A young boy whose dreams transcend reality is sucked into his own fantasy, which is everything he has dreamed of until he unleashes a century old secret that may not only destroy this ...
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Charles Nelson Reilly
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A young boy whose dreams transcend reality is sucked into his own fantasy, which is everything he has dreamed of until he unleashes a century old secret that may not only destroy this perfect dream world but reality itself. Written by
Because the film was released in Japan in 1989, and because most of the Nintendo Entertainment System's games were designed in Japan, the NES tie in, Little Nemo: The Dream Master (1990) was available in the US for several years before the film was released. As the American cartridges made no reference to the film, most players were unaware that the game was, in fact, a tie-in to the movie, and not simply inspired by the comic strip. See more »
Little Nemo, a boy of about 5 or 6, enjoys the bucolic wonders, beauty and fun of Slumberland, but breaks a promise to the fatherly King Morpheus which unleashes the dark powers of the Nightmare King upon his friends. He must face his terror to rescue them.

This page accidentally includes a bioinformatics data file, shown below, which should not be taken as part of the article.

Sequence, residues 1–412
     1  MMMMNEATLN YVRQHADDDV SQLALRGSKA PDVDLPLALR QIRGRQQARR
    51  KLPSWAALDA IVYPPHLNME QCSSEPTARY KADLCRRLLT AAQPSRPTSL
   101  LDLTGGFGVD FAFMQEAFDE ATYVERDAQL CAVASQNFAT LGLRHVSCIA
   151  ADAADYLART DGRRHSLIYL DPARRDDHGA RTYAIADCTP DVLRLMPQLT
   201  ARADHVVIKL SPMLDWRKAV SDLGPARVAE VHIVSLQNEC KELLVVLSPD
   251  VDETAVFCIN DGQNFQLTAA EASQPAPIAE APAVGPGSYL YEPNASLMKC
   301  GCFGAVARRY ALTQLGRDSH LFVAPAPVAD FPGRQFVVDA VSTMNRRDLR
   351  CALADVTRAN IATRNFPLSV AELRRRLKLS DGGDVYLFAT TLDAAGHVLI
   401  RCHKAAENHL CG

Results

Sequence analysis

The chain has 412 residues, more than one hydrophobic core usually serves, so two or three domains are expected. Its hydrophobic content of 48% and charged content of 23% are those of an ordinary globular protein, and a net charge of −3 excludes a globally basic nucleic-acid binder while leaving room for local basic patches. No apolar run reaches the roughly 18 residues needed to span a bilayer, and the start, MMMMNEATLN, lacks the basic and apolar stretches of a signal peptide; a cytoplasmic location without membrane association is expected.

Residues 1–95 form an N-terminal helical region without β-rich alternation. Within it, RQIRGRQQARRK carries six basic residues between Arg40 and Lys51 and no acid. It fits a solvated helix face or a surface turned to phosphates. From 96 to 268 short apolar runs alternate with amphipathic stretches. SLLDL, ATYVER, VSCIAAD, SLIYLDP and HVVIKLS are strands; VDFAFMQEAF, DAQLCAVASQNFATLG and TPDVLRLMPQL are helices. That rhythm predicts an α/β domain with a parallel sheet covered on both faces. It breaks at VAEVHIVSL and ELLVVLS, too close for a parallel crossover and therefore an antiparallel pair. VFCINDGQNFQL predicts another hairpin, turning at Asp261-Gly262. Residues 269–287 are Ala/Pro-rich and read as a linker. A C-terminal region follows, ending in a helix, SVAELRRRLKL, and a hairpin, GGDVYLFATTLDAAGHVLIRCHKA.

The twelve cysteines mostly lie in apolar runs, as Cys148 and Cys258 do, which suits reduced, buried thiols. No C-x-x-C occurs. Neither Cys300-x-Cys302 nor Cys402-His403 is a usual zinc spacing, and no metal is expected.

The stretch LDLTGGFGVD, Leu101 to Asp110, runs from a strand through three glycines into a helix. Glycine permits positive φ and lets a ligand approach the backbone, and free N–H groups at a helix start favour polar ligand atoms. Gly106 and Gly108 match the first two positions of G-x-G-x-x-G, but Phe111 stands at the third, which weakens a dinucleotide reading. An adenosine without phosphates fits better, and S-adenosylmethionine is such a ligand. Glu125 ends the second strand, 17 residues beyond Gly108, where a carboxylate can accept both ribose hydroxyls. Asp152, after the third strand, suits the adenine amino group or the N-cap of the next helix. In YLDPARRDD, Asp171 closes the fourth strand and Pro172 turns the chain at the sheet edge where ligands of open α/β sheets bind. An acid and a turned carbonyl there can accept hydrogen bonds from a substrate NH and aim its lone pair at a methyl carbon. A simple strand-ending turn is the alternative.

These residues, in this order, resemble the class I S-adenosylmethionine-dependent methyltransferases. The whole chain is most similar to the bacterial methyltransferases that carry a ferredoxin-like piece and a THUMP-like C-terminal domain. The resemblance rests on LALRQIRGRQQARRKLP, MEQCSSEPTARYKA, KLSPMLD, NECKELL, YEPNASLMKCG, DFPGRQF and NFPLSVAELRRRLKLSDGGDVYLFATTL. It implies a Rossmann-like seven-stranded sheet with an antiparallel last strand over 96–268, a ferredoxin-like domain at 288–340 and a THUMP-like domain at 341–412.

A terrific children's fantasy without a whiff of adult subtext, demeaning remarks or misplaced self-consciousness. The drawings were beautiful and wondrous; the characters were interesting and unburdened by comic-book-style psychological problems; the storyline was generous and kind, without being obsequious or sentimental. There are some frightening scenes for preschool children, involving nightmares and the demonic Nightmare King, but the reconciliation at the end of the story makes it all worthwhile. Very tender children (age 2 - 4) may find these scenes too horrifying unless a parent is there to comfort.
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